Filled Up with Every Earthly Pleasure, but Still Empty

Bible Reading: Ecclesiastes 1:12-18; 2:1-11, 17-26; 4; 5; 6:1-9; 7:13-14; 8:2-15; 9:13-18

Solomon experienced, in abundance, all the things that people think will bring them happiness and fulfillment: wealth, wisdom, fame, honor, success, security, power, possessions, pleasure, popularity, good looks, relationships, sons and daughters.... Trying to fill his life with every earthly pleasure he could imagine, Solomon wrote, "I denied myself nothing my eyes desired; I refused my heart no pleasure" (2:10). With such a charmed life, he should have been the happiest man alive. Yet, after pursuing life with a passion, he ended up hating everything he thought he would love, including life itself (2:17-18). After fulfilling every earthly desire and dream, he concluded that "everything is meaningless" - "a chasing after the wind" (1:2, 14, 17; 2:1, 11, 17, 26; 4:4, 6, 16; 5:10; 6:9). Every earthly pursuit left his soul empty.

On the opposite extreme, the apostle Paul is the one who should have hated life after everything he experienced: imprisonment, severe beatings, shipwreck, danger, destitution, poverty.... Yet, Paul wrote "I have learned to be content whatever the circumstances. I know what it is to be in need, and I know what it is to have plenty. I have learned the secret of being content in any and every situation, whether well fed or hungry, whether living in plenty or in want. I can do everything through him who gives me strength" (Philip. 4:11-13).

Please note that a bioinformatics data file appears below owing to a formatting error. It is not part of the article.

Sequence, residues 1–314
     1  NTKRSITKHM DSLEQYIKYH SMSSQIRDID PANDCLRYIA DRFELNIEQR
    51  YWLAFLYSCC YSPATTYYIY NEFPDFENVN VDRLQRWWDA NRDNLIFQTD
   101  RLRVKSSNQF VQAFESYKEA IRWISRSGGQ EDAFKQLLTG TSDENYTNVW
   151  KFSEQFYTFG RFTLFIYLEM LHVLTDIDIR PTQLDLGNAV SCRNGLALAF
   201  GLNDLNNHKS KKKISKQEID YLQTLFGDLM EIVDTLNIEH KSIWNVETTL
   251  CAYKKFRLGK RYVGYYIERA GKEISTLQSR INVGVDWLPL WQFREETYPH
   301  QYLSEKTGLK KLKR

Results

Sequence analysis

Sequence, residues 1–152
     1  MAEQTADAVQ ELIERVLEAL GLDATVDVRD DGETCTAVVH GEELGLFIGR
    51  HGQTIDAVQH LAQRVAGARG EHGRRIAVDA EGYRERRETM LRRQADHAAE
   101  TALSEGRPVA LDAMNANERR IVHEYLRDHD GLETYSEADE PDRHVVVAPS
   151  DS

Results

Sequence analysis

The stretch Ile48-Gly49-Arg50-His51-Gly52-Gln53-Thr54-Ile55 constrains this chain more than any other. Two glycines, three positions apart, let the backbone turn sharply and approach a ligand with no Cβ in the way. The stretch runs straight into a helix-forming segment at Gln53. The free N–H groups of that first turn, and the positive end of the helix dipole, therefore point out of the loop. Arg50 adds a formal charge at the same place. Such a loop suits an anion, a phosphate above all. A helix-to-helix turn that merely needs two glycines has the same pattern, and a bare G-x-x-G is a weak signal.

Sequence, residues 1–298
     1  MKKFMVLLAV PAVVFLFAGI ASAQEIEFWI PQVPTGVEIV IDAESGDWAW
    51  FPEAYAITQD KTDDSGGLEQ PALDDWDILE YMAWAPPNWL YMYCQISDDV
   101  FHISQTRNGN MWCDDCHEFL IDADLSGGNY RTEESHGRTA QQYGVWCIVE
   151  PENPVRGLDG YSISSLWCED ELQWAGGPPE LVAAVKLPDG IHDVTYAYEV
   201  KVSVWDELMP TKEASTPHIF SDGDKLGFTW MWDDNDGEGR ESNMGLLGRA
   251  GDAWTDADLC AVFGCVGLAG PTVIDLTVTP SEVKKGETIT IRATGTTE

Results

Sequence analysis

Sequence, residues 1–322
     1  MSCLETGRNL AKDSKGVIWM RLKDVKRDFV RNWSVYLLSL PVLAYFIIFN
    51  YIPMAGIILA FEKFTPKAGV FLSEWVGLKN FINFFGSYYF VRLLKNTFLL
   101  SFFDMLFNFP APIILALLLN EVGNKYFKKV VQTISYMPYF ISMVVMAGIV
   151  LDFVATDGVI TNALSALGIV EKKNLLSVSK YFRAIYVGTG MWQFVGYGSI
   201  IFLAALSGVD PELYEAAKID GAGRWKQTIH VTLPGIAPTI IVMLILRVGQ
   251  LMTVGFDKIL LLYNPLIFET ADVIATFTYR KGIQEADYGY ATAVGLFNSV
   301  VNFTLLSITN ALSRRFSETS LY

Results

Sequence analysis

Solomon pursued contentment through good times and found emptiness; Paul pursued God through a relationship with Jesus Christ and, despite bad times, found contentment. Both knew the truth that, regardless of man's own plans, "it is the Lord's purpose that prevails" (Pr. 19:21). Solomon found this truth frustrating because, though he was educated about God, he could never understand enough about the way God thinks and acts to be able to control his own destiny. Paul found it comforting, however, because he knew God well enough to know that he could trust him with his life and destiny, no matter what happened. Because Paul trusted that God was good, he calmly accepted that God's plans and purposes, though beyond our ability to comprehend, had to be good. Paul hadn't always known this contentment with God. His previous pursuit of God, through religion, had ended in obsession and murder (Acts 26:11).

God alone can satisfy our heart's deepest longings. If we pursue significance in anything but intimacy with the living God, we will find life "utterly meaningless" (1:2). We can avoid the futile end of earthly pursuits by following Solomon's own advice to submit to the Lord's prevailing purpose: "When times are good, be happy; but when times are bad, consider: God has made the one as well as the other. Therefore, a man cannot discover anything about his future" (7:14). Like Paul, we can find deep contentment for today and tomorrow if we will pursue a trusting relationship with God, who provides a calm inner strength to endure anything life delivers.